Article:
Proposed non-essential pesticide ban off the council table
By Kate Hamilton
Posted 1 day ago
Council has put an end to the debate over a proposed pesticide ban.
After hearing from representatives from the Canadian Cancer Society, Alberta Environment and Water, Landscape Alberta and many members of the public speaking both for and against a ban on non-essential pesticide at the council meeting on Oct. 25, a motion to not move forward with a pesticide bylaw at this time was carried unanimously.
"We've heard so much discussion on this and I think it's time to put an end to this for now," said Coun. Louise White-Gibbs. "This must be a provincial initiative, if not federal. Doing it at the municipal level, there is absolutely no way that we can enforce it. This council has always shown that we are environmentally friendly — that's why we hired an environmental coordinator. We are looking at different things but (a pesticide ban is) one thing we cannot control."
The other councillors were in support of White-Gibbs' motion.
"Common sense and education should prevail on this issue," said Coun. Larry Goodhope.
"I think we have a lot more to gain by educating our population and making people aware," added Mayor Camille Berube.
Beaumont resident Tammy Schmidt has been advocating for council to implement a pesticide ban within the Town of Beaumont for months. She first came before council on Aug. 23 and has since garnered support from the Canadian Cancer Society (CCS).
Sarah Hawkins, CCS advocacy coordinator for the capital region, spoke at this week's council meeting of the potential connection between pesticides and the incidence of cancer.
"The Canadian Cancer Society has a mission to eradicate cancer and improve the quality of life for people living with cancer. We know that to achieve this mission we have to be actively engaged in cancer prevention by advocating for public policy," said Hawkins. "We look at factors in the environment that may be contributing to cancer incidence and we need to begin eliminating risks where possible."
She said the society's precautionary position on pesticides is based on peer-reviewed scientific evidence.
"There is already a growing body of evidence linking pesticides to cancer," Hawkins continued. "The potential of harm (has been deemed) significant enough to advocate for a ban on all non-essential pesticide use."
She defined essential pesticides as those used for the purpose of improving public health, such as those used for agriculture and water sanitation. Non-essential pesticides, she said, are those that "offer no countervailing health benefits to justify the potential risks associated with pesticide exposure."
Hawkins said there is a need to advocate for a ban at the provincial level (Quebec, Ontario and other provinces already have a ban in place), but the CCS is looking to municipalities to take the lead.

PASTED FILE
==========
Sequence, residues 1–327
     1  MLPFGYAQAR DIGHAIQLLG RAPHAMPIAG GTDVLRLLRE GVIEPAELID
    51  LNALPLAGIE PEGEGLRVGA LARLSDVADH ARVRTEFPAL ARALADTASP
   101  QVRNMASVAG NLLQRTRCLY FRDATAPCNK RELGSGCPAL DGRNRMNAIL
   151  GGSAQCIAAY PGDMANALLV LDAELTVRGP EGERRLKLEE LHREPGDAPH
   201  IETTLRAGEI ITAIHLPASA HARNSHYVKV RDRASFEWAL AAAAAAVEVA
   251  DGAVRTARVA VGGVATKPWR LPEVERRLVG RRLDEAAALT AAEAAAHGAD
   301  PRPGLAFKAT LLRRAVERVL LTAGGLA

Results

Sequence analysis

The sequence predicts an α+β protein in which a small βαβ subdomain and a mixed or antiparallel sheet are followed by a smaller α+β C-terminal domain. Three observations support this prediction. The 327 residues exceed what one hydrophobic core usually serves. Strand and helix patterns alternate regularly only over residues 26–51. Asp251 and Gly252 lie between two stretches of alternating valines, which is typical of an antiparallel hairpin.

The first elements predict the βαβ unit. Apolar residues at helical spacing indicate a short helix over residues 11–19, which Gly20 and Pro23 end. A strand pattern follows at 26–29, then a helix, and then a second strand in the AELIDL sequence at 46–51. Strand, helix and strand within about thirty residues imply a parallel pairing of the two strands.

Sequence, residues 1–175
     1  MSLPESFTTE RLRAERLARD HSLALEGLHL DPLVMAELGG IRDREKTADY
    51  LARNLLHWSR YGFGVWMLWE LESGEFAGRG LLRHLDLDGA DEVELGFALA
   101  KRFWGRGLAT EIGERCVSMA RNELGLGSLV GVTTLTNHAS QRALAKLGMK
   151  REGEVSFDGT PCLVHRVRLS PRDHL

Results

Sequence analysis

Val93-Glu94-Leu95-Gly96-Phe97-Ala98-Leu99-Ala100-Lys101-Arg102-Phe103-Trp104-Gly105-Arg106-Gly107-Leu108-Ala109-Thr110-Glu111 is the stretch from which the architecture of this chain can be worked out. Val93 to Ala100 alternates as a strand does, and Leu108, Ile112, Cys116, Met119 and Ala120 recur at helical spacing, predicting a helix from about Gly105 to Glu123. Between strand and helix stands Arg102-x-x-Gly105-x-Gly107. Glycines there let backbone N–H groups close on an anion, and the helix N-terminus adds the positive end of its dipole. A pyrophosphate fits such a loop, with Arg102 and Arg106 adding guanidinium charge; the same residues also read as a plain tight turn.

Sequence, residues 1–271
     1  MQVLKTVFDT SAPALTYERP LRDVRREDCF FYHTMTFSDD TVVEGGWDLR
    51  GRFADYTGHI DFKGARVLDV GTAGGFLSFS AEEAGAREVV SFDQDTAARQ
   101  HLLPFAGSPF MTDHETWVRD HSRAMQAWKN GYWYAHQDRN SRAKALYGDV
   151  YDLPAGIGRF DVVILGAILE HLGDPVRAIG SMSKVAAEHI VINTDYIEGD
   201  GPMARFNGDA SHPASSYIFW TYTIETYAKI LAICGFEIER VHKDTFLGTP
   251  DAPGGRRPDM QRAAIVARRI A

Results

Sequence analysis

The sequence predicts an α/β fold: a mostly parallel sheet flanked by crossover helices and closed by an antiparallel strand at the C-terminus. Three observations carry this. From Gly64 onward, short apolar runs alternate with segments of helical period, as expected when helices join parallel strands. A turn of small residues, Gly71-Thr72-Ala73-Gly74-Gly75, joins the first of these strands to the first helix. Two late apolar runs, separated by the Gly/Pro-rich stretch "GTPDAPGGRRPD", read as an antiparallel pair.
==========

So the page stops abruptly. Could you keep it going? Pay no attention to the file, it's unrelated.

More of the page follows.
"In Quebec and Ontario, action was led by dozens on municipalities before it went provincial," she said.
Josh McIntosh, pesticide policy advisor for Alberta Environment and Water, presented the department's position on pesticide use.
"All pesticides for use in Canada have to be approved by the pest management regulatory agency of Heath Canada," he said, adding that both federal and provincial laws really impress upon the user the importance of adhering to label directions.
He said the department's objective is to realize the benefits of pesticides while minimizing risks, and to put an emphasis on integrated pest management.
Nigel Bowles, executive director of landscape Alberta, said it doesn't matter where pesticides are used or for what purpose, all must meet the safety standards, and products are reevaluated by Health Canada every 15 years.
"There is no justifiable reason to ban or restrict the use of any pest control products in the Town of Beaumont," he said.
"On occasion I've had to use chemicals that some people are trying to ban but I've used them as a last resort and I've followed the label," added Jeff Wotherspoon, a Beaumont resident and owner of Cheyenne Tree Farms. "If we start a ban at the cosmetic level, where's it going to end?"
Town administration presented a memo with information regarding potential health effects of pesticides, current legislation, restrictions in other municipalities across the region, management of pesticides at the local golf course and bylaw enforcement if a ban were to be put in place.
The information revealed that there are currently no other pesticide bans in place in Alberta, and administration's recommendation was for council to simply accept the memo as information.
"If nothing else, we've increased awareness," said Berube, once the decision to not move forward with a bylaw, for now, was handed down. "A lot of work has been done over time to look at greening the community and hopefully there's more research that we can do to make our practices more environmentally friendly."